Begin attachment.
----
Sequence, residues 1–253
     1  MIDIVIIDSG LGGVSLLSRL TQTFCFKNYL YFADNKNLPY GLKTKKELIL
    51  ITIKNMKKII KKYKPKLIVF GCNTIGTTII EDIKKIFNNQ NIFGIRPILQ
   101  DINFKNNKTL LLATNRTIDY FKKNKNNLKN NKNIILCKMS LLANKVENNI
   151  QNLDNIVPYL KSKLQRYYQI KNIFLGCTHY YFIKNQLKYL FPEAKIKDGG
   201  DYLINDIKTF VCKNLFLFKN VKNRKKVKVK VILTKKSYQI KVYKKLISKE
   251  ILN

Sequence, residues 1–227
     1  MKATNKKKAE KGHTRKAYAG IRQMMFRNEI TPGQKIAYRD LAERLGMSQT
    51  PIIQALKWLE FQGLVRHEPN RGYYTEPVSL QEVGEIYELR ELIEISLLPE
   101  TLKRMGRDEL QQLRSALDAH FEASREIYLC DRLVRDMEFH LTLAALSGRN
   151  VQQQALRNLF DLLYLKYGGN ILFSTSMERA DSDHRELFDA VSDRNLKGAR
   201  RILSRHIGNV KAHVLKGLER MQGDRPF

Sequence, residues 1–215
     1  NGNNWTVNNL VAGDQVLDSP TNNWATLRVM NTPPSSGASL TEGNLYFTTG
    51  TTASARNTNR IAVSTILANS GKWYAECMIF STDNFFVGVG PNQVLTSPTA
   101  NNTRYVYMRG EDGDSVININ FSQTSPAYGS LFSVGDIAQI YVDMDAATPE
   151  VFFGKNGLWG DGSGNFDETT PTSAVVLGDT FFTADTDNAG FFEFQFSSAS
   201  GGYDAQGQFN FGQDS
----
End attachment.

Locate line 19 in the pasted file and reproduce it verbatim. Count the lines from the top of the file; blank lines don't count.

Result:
   201  GGYDAQGQFN FGQDS